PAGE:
the transformer apparent power rating is frequently given
in kVA (kilovolt-amperes). The kVA rating determines the
current and voltage a transformer can deliver to its load without
overheating.
For a single-phase transformer, the apparent power rating is
calculated by multiplying secondary voltage by the maximum
load current. This means that if a transformer needs to provide a
secondary voltage of 240 V at a maximum load current of 75 A,
the kVA rating of the transformer must be at least 18 kVA.
240 V x 75 A = 18,000 VA = 18 kVA

Transformer Losses

Most of the electrical energy provided to the primary of a


transformer is transferred to the secondary. Some energy,
however, is lost in heat in the wiring or the core. Some losses in
the core can be reduced by building the core of a number of flat
sections called laminations.

Three-Phase AC

Up till now, we have been talking only about single-phase


AC power. Single-phase power is used in homes, offices, and
many other types of facilities.
However, power companies generate and distribute threephase power. Three-phase power is used in commercial and
industrial applications that have higher power requirements than
a typical residence.
Three-phase power, as shown in the following illustration, is a
continuous series of three overlapping AC cycles. Each wave
represents a phase and is offset by 120 electrical degrees from
each of the two other phases.
+

Phase A

Phase B

Phase C

120o
240o
360o

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Three-Phase Transformers

Three-phase transformers are used when three-phase power


is required for larger loads such as industrial motors. There are
two basic three-phase transformer connections, delta and wye.

Delta Connections

Delta transformers are schematically drawn in a triangle. The


voltages across each winding of the delta triangle represents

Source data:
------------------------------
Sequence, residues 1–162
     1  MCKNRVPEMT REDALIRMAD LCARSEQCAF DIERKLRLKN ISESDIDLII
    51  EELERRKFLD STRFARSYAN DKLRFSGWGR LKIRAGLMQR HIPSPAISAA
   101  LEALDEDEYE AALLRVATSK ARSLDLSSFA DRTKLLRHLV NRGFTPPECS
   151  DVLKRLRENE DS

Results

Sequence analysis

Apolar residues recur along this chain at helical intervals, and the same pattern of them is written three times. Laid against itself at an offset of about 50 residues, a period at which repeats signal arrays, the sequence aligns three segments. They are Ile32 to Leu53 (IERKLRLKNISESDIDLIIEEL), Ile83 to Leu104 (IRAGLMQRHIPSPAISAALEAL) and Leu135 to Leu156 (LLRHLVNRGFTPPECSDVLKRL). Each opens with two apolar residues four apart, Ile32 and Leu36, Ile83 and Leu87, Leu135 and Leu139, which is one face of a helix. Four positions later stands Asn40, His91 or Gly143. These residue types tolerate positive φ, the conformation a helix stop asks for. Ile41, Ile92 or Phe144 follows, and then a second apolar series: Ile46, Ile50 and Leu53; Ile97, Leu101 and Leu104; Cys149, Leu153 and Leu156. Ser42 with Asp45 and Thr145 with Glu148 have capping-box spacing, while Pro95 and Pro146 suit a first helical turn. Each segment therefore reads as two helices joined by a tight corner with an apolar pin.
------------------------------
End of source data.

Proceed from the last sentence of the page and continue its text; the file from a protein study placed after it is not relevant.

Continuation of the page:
one phase of a three phase system. The voltage is always the
same between any two wires. A single phase (such as L1 to L2)
can be used to supply single phase loads. All three phases are
used to supply three phase loads.
The secondary of a delta transformer is illustrated below.
For simplicity, the primary is not shown in this example. The
voltages shown on the illustration are examples. Just as with
a single-phase transformer, the secondary voltage depends on
both the primary voltage and the turns ratio.
L1
480 V

480 V

480 V

L2
480 V
480 V

L3

When current is the same in all three coils, it is said to be


balanced. In each phase, current has two paths to follow. For
example, current flowing from L1 to the connection point at
the top of the delta can flow down through one coil to L2, and
down through another coil to L3. When current is balanced, the
current in each line is equal to the square root of 3 times the
current in each coil.

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Wye Connections

The wye connection is also known as a star connection. Three


coils are connected to form a Y shape. The wye transformer
secondary has four leads, three phase leads and one neutral
lead. The voltage across any phase (line-to-neutral) will always
be less than the line-to-line voltage. The line-to-line voltage
is the square root of 3 times the line-to-neutral voltage. The
following example shows a wye transformer secondary with a
line-to-neutral voltage is 277volts and a line-to-line voltage of
480 volts.
VLine-to-Line =

x 277 V = 1.732 x 277 V = 480 V

L1

480 V
277 V
L2

277 V

480 V
N

480 V

277 V

L3

Review 9
1.

If the primary of a transformer has more turns than the


secondary, it is a _________ transformer.

2. If the primary of a transformer has fewer turns than the


secondary, it is a _________ transformer.
3. The secondary voltage of an iron-core transformer with
240 V on the primary, 40 A on the primary, and 20 A on
the secondary is ________ V.
4. A single-phase transformer with a 480 V and a
maximum load current of 20 A must have an apparent
power rating of at least ________ kVA.
5. A wye-connected, three-phase transformer secondary,
with 208 V line-to-line will have ________ V line-toneutral.